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sector_ico_Agrifood_trans Agrifood

Evaluation of a Next Generation Sequencing Diagnostic Tool for Detection of Strawberry Viruses

UPP027
  • Project Leaders: Michael Rott, Gerda de Villiers, Michael Dossett
  • Institutions: Canadian Food Inspection Agency (CFIA)
  • Budget: $100,249
  • Competition: User Partnership Program
  • Genome Centre(s): Genome BC
  • Fiscal Year: 2016
  • Status: Active

The USA is the world leader in strawberry production with about 1.3 million tons in 2009. A significant number of the strawberry plants grown in the USA are imported from Canadian nurseries, which are prized for improved fruit production. The industry is worth about $17 million/year and in 2013 the Canadian government provided the Nova Scotia strawberry growers $2.3 million to replace diseased plants that died before they could bear fruit. Molecular testing of plants both in the US and from Canada were shown to be positive for several known strawberry viruses, Strawberry mild yellow edge virus (SMYEV), Strawberry mottle virus (SMoV) and Strawberry vein banding virus (SVBV). Complexes of these viruses are known to result in significant yield losses. It is believed that the plants were infected in Canadian nurseries before being shipped to the USA. Canadian strawberry growers have had to incorporate improved sanitary and virus testing methods to ensure that their product is virus free. US importers now request that plants be tested by a USDA qualified laboratory.

Phyto Diagnostics located in North Saanich, BC is a Canadian Food Inspection Agency (CFIA) accredited and private diagnostic laboratory specializing in the testing of plant viruses for many different commodities nationally and internationally and is working closely with Canadian strawberry growers and USA importers to ensure plants are virus-free. Phyto Diagnostics uses a combination of ELISA and PCR methods to test for 11 different virus species as requested by Canadian growers shipping plant material to the US. This is both labour intensive and time consuming, requiring individual testing for each species at a considerable cost to the client. An additional 11 virus species of strawberry are not tested for on a regular basis, due to their low prevalence and extra cost.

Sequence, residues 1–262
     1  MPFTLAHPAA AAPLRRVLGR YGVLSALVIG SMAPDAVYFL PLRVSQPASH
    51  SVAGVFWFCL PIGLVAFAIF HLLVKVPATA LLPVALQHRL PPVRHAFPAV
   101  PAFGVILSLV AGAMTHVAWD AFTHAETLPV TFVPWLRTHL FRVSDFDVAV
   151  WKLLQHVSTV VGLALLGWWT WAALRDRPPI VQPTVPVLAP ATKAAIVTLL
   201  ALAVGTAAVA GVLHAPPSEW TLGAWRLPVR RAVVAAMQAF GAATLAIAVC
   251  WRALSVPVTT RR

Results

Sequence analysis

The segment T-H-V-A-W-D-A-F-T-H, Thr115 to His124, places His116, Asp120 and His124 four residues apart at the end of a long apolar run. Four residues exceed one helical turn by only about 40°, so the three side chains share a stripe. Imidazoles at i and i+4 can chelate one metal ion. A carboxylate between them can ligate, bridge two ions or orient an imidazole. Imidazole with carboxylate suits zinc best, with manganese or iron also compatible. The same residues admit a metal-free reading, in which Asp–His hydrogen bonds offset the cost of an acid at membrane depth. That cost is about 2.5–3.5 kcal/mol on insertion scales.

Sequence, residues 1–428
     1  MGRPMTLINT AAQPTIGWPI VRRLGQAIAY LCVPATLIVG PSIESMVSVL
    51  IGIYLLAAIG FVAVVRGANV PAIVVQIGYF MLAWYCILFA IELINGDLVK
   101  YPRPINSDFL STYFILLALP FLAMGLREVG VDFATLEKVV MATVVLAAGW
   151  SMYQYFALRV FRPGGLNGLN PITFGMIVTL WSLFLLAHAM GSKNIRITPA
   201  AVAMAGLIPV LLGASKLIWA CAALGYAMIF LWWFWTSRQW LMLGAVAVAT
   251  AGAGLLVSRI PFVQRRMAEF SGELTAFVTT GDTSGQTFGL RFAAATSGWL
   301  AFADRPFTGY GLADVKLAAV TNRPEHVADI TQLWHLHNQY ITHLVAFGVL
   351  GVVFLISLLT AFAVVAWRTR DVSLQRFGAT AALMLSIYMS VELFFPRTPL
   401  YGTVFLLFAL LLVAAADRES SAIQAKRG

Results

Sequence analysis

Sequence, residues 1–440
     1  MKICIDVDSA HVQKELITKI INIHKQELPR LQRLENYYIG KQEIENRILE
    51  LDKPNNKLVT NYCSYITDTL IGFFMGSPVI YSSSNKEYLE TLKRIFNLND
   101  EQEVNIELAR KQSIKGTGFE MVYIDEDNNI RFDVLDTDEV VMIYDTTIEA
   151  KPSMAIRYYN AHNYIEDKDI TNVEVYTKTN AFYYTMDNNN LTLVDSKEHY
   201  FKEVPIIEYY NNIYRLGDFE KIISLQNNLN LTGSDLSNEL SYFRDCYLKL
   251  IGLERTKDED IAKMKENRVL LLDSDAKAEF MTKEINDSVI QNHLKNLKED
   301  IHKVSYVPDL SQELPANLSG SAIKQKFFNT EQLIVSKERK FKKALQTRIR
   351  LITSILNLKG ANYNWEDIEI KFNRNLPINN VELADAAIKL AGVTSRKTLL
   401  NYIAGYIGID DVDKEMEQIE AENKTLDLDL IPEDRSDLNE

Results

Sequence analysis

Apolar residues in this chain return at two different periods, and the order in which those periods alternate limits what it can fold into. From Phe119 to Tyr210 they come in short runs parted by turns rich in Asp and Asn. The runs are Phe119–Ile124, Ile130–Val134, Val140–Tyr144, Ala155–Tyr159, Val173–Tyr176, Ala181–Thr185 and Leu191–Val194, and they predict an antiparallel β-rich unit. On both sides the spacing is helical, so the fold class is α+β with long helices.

The overall project objective is to develop and validate next generation sequencing (NGS) method using strawberry plant tissue and to apply the method to test for strawberry viruses in plants exported to the USA. A reduction in costs associated with virus testing and an improved, more reliable test method for all known strawberry viruses, will result in an increased confidence from US strawberry growers to purchase virus free planting material from Canada, with freer trade for Canadian strawberry plant growers.